I’ve asked of my equipment, testament enough. Having equipment that can withstand tough weather conditions is crucial for my job. Trusting my equipment is the single most important factor for me. If I’m embarking on a challenging shoot and need to travel with a lightweight kit bag with just the one camera and lens, I need to be sure that I have faith in my equipment.

I also love the speed, feel and intuitiveness of Nikon cameras… the feel, design and the interface always remains the same, and I know that when I move on to the D6, I’ll have the same camera but with improvements in performance – it will allow me to transition very smoothly.

What is your favourite part of the job?

Definitely being out in the field. It’s about finding that rare and unique moment where you look through the camera and you know immediately that something special is happening. You get such a rush of adrenaline and obviously its then nice to be able to share those precious moments, those captures with loved ones. That way they can see what I saw.

There’s also something about just being out in nature, amongst the other 8.7 million species on this planet. I find that it really grounds and keeps you humble, watching the lives of animals and birds unfold the similarities between us and them are so apparent, so obvious. This was I see us humans for what we are, not as superior or divinely created but simply one of many. We are them and they are us and all of our individual lives should be respected and protected.

Any challenges or dislikes?

Sitting in front of a computer in a dark office on a hot day and not being in the thick of nature!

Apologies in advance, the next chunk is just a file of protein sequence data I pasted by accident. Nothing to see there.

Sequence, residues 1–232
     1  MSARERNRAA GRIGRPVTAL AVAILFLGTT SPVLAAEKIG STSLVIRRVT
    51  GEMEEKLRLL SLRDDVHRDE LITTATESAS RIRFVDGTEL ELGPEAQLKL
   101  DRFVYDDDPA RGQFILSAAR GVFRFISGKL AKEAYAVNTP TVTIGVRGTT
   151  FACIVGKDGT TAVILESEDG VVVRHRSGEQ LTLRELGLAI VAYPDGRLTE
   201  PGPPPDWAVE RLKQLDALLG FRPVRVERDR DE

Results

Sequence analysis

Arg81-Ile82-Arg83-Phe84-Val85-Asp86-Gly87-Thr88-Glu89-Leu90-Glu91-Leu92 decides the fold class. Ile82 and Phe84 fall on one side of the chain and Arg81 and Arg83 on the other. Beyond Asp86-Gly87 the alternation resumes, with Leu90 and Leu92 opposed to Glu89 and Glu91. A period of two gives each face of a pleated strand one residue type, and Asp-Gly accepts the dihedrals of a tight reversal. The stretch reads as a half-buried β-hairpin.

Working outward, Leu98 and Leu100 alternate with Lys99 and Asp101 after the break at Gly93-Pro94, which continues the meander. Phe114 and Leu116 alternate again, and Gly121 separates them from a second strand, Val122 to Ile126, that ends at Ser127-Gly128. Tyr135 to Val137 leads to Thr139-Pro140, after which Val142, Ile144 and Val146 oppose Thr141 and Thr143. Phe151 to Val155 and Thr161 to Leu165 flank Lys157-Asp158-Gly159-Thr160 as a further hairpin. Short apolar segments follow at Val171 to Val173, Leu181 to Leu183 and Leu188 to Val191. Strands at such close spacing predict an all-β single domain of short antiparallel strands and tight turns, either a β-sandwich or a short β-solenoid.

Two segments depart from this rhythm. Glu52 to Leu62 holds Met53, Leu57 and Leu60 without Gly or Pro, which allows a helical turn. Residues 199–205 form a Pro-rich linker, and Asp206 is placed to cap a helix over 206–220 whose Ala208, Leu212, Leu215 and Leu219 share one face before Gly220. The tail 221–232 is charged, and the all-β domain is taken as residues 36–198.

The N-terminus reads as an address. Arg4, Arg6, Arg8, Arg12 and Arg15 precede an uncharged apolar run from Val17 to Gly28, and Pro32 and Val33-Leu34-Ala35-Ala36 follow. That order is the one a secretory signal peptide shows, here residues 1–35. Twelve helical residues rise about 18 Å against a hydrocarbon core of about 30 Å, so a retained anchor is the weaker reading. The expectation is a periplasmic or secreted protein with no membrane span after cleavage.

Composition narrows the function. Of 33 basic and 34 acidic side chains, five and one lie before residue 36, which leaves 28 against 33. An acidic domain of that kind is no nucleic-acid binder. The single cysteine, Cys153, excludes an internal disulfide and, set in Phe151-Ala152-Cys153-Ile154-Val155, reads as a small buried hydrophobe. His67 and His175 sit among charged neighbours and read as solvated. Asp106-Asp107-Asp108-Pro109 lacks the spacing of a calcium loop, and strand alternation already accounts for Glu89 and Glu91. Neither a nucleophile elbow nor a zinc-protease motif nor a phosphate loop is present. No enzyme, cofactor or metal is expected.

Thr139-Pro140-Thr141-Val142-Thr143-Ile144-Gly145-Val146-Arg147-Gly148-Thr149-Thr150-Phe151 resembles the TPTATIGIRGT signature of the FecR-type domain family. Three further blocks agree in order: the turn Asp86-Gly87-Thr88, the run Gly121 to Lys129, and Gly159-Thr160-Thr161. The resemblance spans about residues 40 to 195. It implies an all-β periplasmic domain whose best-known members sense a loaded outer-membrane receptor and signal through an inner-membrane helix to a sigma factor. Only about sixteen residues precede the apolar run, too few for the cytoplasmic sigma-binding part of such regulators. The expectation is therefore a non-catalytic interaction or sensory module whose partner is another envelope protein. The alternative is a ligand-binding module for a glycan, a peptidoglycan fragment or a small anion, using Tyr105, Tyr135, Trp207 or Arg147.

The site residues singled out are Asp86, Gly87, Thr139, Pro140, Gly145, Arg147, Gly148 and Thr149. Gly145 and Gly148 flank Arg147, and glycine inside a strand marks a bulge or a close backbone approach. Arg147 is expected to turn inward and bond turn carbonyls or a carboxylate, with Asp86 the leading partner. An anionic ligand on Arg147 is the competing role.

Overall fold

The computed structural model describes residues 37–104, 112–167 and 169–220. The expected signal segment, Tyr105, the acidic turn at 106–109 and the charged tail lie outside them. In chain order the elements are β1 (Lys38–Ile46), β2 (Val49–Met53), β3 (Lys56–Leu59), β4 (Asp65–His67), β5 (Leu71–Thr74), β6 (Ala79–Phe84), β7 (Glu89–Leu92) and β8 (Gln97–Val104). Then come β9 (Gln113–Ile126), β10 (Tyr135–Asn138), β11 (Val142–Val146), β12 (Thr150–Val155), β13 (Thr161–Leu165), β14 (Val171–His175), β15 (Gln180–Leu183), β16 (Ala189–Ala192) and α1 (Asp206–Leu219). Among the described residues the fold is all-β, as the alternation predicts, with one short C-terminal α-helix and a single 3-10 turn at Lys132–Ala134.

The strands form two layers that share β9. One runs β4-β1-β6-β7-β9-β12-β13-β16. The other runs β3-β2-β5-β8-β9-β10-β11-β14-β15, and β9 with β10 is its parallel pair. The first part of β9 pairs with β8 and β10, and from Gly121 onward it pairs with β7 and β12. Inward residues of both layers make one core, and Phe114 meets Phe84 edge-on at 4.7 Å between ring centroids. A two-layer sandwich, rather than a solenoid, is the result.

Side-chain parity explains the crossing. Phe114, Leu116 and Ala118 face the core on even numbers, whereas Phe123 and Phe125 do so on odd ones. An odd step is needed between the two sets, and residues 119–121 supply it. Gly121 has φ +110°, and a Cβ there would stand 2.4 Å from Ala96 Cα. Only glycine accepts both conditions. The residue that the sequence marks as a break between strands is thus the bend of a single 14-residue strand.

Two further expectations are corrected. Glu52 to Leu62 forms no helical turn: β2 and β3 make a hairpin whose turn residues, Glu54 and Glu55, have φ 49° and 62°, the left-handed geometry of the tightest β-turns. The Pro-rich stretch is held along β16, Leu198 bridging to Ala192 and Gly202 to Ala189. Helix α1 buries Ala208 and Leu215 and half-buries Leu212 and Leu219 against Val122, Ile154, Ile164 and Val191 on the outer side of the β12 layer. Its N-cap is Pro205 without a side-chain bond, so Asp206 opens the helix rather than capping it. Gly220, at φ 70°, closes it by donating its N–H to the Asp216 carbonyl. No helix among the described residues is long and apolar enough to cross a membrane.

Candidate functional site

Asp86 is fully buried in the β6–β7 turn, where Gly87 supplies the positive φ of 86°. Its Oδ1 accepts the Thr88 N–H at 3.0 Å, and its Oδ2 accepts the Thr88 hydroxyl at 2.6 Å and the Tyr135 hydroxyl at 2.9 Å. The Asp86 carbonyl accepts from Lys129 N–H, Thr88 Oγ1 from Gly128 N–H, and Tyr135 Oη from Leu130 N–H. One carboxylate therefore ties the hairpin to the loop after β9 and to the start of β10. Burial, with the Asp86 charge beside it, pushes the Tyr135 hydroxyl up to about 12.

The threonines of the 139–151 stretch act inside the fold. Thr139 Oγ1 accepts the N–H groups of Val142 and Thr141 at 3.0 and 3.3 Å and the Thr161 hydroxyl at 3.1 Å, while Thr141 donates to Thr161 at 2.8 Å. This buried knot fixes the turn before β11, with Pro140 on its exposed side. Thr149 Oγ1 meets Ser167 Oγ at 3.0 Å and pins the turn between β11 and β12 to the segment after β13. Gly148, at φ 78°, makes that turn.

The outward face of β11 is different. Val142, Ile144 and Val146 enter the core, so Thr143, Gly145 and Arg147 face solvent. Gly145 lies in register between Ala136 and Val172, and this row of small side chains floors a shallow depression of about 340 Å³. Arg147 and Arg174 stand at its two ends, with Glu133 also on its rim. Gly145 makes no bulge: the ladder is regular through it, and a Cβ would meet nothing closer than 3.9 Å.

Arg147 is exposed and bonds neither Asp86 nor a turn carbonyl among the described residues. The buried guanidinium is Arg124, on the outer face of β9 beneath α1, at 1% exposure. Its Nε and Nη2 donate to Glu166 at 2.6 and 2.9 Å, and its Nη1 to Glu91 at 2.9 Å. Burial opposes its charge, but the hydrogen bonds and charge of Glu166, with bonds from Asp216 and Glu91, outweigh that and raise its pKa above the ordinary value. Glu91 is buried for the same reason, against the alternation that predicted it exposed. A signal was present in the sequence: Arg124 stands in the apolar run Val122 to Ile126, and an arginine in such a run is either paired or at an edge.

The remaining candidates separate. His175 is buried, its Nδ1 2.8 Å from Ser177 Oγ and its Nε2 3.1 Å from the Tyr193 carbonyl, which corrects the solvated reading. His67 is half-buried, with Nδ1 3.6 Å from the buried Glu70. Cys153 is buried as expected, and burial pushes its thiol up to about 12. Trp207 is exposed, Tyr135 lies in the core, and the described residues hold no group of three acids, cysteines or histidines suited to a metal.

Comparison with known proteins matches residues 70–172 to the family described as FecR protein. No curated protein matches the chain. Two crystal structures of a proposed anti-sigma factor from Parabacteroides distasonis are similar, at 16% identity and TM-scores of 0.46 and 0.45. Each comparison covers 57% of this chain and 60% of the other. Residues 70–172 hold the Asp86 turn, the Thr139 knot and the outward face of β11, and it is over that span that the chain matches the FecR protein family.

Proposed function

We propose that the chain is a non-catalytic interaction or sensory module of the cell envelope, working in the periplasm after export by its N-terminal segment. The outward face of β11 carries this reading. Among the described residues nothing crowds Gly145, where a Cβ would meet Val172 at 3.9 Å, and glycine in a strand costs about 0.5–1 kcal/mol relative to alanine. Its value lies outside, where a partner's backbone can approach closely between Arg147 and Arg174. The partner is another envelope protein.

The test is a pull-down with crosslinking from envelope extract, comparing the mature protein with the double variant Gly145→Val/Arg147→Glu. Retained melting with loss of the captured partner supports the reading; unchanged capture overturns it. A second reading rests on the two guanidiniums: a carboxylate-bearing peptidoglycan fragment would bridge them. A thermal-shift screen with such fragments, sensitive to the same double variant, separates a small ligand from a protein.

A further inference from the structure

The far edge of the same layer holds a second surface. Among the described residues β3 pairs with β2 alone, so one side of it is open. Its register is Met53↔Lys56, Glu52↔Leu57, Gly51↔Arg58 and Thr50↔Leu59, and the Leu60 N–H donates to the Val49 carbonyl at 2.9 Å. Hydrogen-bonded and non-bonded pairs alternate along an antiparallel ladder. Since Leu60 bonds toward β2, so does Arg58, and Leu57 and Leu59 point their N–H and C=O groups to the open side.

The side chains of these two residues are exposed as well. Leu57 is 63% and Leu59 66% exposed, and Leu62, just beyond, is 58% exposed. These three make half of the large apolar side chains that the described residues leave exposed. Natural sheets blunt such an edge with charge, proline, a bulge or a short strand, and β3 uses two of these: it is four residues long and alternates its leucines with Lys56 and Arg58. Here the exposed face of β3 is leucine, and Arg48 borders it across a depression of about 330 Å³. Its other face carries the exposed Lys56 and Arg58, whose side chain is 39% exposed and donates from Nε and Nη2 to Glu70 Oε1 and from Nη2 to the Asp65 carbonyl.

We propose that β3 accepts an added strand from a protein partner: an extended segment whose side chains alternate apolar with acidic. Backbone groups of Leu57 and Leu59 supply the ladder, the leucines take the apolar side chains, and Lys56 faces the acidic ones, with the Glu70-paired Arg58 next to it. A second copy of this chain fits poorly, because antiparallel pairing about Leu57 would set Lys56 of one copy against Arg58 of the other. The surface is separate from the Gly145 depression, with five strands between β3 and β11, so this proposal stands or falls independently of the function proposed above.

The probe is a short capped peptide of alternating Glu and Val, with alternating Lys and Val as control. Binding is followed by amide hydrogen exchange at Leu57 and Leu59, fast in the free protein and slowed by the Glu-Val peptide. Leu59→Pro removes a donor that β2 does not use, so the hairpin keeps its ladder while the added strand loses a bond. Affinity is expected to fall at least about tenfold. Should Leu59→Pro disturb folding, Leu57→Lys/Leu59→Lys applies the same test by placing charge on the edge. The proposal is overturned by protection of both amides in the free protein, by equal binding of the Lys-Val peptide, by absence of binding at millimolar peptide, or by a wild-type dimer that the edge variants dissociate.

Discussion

What are your top tips for aspiring wildlife photographers?

Be honest with yourself and don’t fall in love with the idea of wildlife photography. It’s not all riding around on elephants in India photographing tigers. It’s about lying in a wet field at 3 o’clock in the morning trying to photograph a brown hare. Once you’ve done that for twenty years, then you get to go and see the tigers and the polar bears.

Primarily though I would highly recommend starting off locally and that’s exactly how I built and how I maintain my career. By working locally you will be able to
build up an encyclopaedic knowledge of your local subjects, the prime times of the year when certain behaviours occur. You will also see and understand better the fall of light and its transition throughout the year. It makes more sense financially and environmentally and you’ll be more likely to produce a unique and credible body or work. There’s no point following the crowds, rushing to Scotland to photograph ospreys when you’re much more likely to capture an astonishing image of a mute swan on a local river. Working in exquisite light will produce exquisite images, not matter how familiar or mundane the species. You’ll also learn an astonishing amount about subtle refinement in your own photography, finding and eliminating flaws in your images will allow you to raise your own bar, move your photography onto the next level and make you better prepared when you do venture further from home.